4X4Labs Rear Bumper Build

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If you don't mind, I'd like to see a photo!

Absolutely. Here you go. If it does every start to fall off, it's really easy to replace as I got a pretty big sheet of ABS for free at a local plastic supply place. It's the best solution I could come up with.

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I saw an 80 series 4X4 Labs bumper that had something that I don’t know how to explain. It had a concaved dome piece under where the end of the arms meet. The tabs on the bottom of the arms that push against the stop slid over the concave piece and it helped hold the arms in place. I wish I had a picture. Would like to try the same with mine to decrease the rattle.
Can you post a picture of what you’re referencing? I’d like to see it.
 
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Well, it's been pretty slow going. Mostly due to the fact that the garage is right under my 2-year-old's bedroom. I can't run a grinder in there while he's sleeping, and I've... uh... needed to do a lot of grinding.

I welded the towing crossmember, guessets, receiver tube, and recovery points and stuck the assembly back on the truck so I could fit the side tubes and "trim pieces" as I'll call them. Started by fitting the end trim piece with the tabs and rounded part, making sure they were square to the top surface of the bumper and square to the front edge. Tacked in place, then tried fitting the other trim piece- the bent one with four sides shown below. I was hoping to have the bent edge fit against the bumper side wing, and have the other edge sit along the edge of the trim piece with tabs. The geometry just wasn't working for me though, and the best I could do is what you see below (shown after I tacked the side tubes).
PXL_20210721_231507108.MP.jpg


I figure I'll cut that end trim piece so it doesn't stick out, after I get a little further along. I was left with a little gap between the tube and the rear trim piece, but not so much I couldn't fill it at welding time.

PXL_20210721_231512091.jpg


Cutting the side tubes was pretty straightforward, but I failed to measure/mark twice before I cut once. Ended up welding the tube back together and cutting it a second time. No real tips at this point other than make sure you leave a bit of space between the tube and the truck. Whether the tubes stick out for added protection or sit more flush for a cleaner look is a matter of personal taste, as far as I can tell.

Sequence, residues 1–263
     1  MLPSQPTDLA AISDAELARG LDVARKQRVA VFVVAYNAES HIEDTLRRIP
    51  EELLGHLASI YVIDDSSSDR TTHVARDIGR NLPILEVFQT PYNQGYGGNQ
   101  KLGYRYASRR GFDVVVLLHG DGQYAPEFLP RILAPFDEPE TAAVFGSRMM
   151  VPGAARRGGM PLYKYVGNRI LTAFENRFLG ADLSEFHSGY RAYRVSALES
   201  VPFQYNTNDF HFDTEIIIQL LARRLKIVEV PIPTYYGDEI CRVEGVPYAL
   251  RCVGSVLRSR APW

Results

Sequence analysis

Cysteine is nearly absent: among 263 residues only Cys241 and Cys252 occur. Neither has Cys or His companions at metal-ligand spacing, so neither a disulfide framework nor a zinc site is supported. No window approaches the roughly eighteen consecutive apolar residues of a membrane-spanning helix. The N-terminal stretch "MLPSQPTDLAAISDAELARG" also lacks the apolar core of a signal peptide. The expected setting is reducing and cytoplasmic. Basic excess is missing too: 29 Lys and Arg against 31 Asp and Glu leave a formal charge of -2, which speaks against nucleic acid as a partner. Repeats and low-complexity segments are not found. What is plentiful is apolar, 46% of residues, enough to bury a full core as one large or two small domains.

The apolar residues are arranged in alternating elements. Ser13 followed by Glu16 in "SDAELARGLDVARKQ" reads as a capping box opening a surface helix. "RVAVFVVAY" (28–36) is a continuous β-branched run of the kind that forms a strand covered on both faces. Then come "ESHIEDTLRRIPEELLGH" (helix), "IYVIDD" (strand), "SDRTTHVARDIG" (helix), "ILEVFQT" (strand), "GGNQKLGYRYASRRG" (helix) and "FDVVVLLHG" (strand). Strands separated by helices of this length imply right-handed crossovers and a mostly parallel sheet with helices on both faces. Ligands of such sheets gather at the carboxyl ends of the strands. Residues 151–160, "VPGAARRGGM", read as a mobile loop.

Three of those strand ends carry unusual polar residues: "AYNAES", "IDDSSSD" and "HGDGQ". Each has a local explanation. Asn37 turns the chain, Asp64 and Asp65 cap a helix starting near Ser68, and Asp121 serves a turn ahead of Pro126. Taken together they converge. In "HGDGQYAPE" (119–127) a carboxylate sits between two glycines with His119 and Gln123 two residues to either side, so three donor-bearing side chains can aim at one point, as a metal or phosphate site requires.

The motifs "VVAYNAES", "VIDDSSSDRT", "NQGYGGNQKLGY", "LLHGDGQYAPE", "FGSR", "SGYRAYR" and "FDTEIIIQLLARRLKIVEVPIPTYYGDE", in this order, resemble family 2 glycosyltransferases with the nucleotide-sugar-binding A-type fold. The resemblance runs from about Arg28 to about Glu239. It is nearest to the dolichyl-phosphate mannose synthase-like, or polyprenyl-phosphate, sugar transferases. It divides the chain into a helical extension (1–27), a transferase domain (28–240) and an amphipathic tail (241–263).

At this point I decided to start assembly of the tire carrier. I hammered the sleeves into the swing arms, welded, and ground flush. Nothing exciting there. Same with the swing arm end caps. The wording for the actual tire carrier assembly was a bit confusing for me, but pictures seemed to clear everything up. There are two pieces- I'll call them the upright and the clover, with the upright being the part attached to the swingarm and the clover what the tire bolts to.

Tack the vertical piece of the upright to the piece which bolts to the swingarm. Make sure the upright is square. Then tack the gussets in place. I did my best to make the gussets use the full width of both pieces. I don't have any pictures of this, but its the same you can see in the official instructions or on the other threads. Positioning the mounting assembly on top of the vertical piece was a bit tedious. I ended up using a c-clamp to affix the side pieces to the upright for positioning. I also used a ~1/16" spacer between the clover tube and the top plate as suggested. It doesn't seem the front/rear positioning of these side plates relative to the vertical tube really matter. Just make it look good.

PXL_20210724_193827444.jpg


The clover assembly was simple enough I didn't take any pictures. Just mark the center of the clover and position the tube on it, keeping an eye on your rotational alignment so the "star" is pointing the way you want it when you're done.

That's about as far as I've gotten. Lot of welding, grinding, and welding again not shown. But my beads are starting to look a heck of a lot better than they did at first. I took the day off yesterday and bolted the unfinished bumper shell to the truck and took it to the trails. Rode it pretty hard and got warm and fuzzy every time I came off an obstacle that previously would have resulted in my rear end dragging. None of that now!